National and state parks belong to all of us. But some people aren’t making use of these special places: Data and surveys show that a large majority of state and national park visitors are white.
While there are numerous deep-seated and complex reasons for the absence of Black, Brown, disabled, and LGBTQ people in the outdoors, there is one issue you can address directly as an individual. Many underrepresented people simply don’t feel welcome in outdoor recreation settings. Too often, these feelings are prompted by less-than-ideal interactions with their fellow campers, hikers, paddlers, or anglers.
Welcoming all people to the outdoors is vitally important for many reasons. Connecting regularly with nature improves one’s physical and mental health. Getting kids into the woods or on the water helps them break away from technology and see the wonders of the real world.
If underrepresented groups don’t enjoy and value our parks, it may become more politically difficult to justify the multi-billion dollar investment in those facilities.
Here are five ways you can help create a more welcoming and inclusive outdoors for everyone.
1. Acknowledge your prejudices
Accepting our own problematic attitudes is a critical first step toward becoming part of the solution. We all have biases—conscious or not—many of which begin in early childhood. Members of our own racial, religious, or ethnic groups can reinforce those negative attitudes toward other people.
These mindsets can continue influencing our thinking even after we have consciously worked to eradicate them. However, we can counter our prejudices by remaining alert to them and engaging in behaviors that offset them.
2. Know the space
Understanding the history of an outdoor space is as important as learning its topography or weather patterns. Ask yourself, “Who occupied this place before it was a park, or before white settlers arrived? Did something unfortunate happen on this land that reverberates down through time?” For example, many national parks are located on land from which Native Americans were forcibly removed, and several state parks across the South were initially built as Blacks-only “separate but equal” facilities.
Familiarity with a park’s history allows you to better understand and honor what that space might mean for other visitors, especially those with historical or cultural ties to the area. Visitor guides, interpretive center exhibits, and reputable websites are all excellent background sources on most public parks; The Indigenous Field Guide offers insight into the value of learning about a park’s history and provides resources to guide your inquiries.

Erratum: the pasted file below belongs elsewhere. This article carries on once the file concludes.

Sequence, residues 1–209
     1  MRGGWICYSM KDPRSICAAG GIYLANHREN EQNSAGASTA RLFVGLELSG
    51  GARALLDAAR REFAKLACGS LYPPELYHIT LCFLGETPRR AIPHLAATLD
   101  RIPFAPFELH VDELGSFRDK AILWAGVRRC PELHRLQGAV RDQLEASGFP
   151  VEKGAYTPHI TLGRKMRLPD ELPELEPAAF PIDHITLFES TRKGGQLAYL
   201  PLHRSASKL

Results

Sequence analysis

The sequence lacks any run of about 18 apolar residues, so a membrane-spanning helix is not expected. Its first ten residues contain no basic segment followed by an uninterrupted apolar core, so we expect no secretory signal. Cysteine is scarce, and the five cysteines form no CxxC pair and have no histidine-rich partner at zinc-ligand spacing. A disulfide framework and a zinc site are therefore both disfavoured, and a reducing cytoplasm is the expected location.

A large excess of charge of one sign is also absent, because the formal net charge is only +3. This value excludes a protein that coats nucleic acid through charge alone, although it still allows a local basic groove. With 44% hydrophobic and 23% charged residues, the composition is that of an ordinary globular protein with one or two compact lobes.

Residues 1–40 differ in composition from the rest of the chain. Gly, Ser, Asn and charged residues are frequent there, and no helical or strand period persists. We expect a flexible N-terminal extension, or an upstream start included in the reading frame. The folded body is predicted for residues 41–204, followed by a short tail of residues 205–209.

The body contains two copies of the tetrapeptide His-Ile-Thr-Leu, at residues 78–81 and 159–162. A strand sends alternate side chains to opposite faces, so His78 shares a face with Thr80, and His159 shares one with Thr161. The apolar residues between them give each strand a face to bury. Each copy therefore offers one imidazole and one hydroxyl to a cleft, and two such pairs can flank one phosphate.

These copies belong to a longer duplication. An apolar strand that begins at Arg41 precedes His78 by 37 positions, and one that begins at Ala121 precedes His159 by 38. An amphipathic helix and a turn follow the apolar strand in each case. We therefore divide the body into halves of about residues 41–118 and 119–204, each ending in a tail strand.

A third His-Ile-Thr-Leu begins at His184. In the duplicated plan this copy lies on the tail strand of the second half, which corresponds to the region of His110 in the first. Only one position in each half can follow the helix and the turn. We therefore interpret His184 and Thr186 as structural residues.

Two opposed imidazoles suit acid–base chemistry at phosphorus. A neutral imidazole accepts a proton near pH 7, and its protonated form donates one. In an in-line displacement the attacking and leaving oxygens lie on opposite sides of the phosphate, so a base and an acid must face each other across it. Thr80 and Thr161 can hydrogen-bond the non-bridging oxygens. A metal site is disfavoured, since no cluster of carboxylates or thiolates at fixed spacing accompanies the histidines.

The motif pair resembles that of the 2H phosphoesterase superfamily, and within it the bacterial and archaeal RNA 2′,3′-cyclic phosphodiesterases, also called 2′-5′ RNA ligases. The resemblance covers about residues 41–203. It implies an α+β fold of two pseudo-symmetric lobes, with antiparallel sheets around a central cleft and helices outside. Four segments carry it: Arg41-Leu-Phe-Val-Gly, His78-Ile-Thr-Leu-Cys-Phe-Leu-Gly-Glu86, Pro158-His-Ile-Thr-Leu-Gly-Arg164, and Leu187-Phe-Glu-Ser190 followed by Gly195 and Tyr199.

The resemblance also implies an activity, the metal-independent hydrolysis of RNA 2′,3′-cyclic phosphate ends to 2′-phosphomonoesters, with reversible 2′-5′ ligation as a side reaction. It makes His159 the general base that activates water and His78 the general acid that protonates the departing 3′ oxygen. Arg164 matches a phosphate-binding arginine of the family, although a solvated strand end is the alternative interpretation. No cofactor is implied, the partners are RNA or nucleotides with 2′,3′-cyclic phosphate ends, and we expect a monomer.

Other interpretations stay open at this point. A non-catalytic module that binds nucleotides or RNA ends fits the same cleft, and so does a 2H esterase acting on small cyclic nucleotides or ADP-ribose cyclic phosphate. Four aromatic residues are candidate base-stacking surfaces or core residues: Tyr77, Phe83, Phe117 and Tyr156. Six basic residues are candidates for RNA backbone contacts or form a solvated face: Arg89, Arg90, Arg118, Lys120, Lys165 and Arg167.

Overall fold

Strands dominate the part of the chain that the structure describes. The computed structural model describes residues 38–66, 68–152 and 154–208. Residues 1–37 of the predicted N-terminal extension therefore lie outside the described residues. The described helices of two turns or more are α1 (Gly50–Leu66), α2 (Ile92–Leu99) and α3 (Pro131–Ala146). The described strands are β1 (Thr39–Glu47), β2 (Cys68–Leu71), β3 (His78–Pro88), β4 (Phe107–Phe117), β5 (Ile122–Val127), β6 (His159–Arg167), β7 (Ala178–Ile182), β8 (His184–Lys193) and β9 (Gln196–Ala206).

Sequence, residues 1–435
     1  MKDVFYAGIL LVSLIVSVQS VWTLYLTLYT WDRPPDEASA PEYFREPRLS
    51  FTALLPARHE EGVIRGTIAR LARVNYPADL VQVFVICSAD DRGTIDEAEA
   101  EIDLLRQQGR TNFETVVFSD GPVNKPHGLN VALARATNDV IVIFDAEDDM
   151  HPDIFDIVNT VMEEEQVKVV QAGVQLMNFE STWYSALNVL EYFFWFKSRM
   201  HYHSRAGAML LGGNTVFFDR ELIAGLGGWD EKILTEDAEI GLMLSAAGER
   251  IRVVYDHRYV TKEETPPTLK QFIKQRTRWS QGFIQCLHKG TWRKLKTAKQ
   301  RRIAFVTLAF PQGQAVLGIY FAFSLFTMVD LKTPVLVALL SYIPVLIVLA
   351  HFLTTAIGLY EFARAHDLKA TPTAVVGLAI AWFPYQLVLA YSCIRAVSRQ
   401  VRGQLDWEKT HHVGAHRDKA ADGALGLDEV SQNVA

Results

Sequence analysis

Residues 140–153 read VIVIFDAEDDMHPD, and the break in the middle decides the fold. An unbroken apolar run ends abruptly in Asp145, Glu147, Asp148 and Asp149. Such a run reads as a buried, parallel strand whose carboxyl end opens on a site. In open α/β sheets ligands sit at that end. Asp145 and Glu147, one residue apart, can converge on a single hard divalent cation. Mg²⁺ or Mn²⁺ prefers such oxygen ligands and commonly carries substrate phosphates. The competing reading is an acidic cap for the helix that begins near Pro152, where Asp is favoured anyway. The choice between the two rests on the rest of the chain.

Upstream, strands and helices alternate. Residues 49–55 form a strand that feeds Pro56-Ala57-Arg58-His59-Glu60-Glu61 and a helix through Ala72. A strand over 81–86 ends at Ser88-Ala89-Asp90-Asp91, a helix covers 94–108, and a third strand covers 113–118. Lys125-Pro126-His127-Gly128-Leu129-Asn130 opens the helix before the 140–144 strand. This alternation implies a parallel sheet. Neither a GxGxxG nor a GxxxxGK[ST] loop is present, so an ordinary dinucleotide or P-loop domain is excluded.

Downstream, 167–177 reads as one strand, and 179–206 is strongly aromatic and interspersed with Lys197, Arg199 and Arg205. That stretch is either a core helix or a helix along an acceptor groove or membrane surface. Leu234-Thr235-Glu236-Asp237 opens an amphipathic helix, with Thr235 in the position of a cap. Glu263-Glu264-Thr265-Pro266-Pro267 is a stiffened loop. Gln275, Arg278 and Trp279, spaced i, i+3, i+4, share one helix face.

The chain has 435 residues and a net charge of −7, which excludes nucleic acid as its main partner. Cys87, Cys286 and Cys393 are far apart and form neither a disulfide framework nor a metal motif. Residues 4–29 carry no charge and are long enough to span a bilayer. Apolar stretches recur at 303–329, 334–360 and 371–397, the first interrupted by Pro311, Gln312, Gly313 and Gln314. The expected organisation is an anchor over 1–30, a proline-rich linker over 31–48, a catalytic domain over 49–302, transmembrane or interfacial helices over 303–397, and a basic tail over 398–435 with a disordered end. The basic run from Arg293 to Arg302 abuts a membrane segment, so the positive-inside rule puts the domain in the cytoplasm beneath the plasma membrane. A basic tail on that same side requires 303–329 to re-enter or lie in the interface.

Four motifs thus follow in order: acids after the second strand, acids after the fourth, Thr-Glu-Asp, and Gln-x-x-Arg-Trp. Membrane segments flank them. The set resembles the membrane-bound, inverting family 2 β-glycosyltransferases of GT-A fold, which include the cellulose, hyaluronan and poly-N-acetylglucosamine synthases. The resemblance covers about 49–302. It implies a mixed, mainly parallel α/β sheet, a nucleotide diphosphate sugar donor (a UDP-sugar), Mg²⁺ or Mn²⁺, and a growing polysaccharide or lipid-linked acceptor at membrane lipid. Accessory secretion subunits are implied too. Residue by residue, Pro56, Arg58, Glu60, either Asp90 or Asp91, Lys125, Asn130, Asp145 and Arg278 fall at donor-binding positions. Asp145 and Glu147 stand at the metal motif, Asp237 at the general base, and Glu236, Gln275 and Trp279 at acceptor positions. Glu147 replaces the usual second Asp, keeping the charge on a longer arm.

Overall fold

3. See the experience from other perspectives
As you plan and undertake your next outdoor adventure, be intentionally curious and mindful of how members of underrepresented groups might experience the same outing.
Outdoor recreation spaces across the U.S. have historically been designed and operated for the country’s long-dominant culture, specifically fully-abled, straight, white, middle-class people. Members of other groups may face hurdles to outdoor recreation that are invisible to you, especially if you’re a member of the prevailing culture. They may not have outdoor-savvy family members to teach them how to camp or they may lack the financial resources to purchase expensive gear.
Trails and docks that make no accommodation for disabled people can present an insurmountable obstacle to their enjoyment of an outdoor space. A history of targeted violence against LGBTQ people and other groups has made some members of these communities feel unsafe when venturing into the wild alone or even with a companion.
Advocacy groups such as Disabled Hikers and Get Out and Trek are great resources for learning about the challenges underrepresented groups face and how these communities work to create a more inclusive and welcoming outdoors. Together Outdoors is a coalition of outdoor recreation businesses and organizations supporting the effort to create a more welcoming and inclusive outdoors; the Together Outdoors Resource Hub provides a range of materials on these subjects. Podcasts like She Explores, Sincerely Yours Outdoors, and Outside Voices deliver up-to-the-moment perspectives and insight.
4. Be a welcoming presence
Here’s where you can make a real contribution to furthering outdoor inclusion. Fueled by knowledge, context, and empathy, interact with all fellow outdoors people with curiosity, benevolence, and generosity. Acknowledge everyone you meet on the trail, dock, or at the campground.
Don’t make assumptions when you meet a fellow outdoor enthusiast from an underrepresented group. Instead, engage your curiosity. Act as if you know nothing about this person, because you don’t—but this is an excellent opportunity to get to know someone and maybe even make a new friend. Be open to sharing your knowledge and experience without being overbearing. Equally important, be open to learning from others.
5. Support the work
Many local and national outdoor affinity groups are working to help people of color and other underrepresented groups get outdoors and take up activities such as hiking, skiing, camping, and paddling. You can help these groups in several ways, including making a monetary contribution, donating lightly used gear, or serving as an instructor.
To paraphrase civil rights leader and founder of the Children’s Defense Fund Marian Wright Edelman, you really can change the trailhead, the marina, or the ski slope, if you care enough.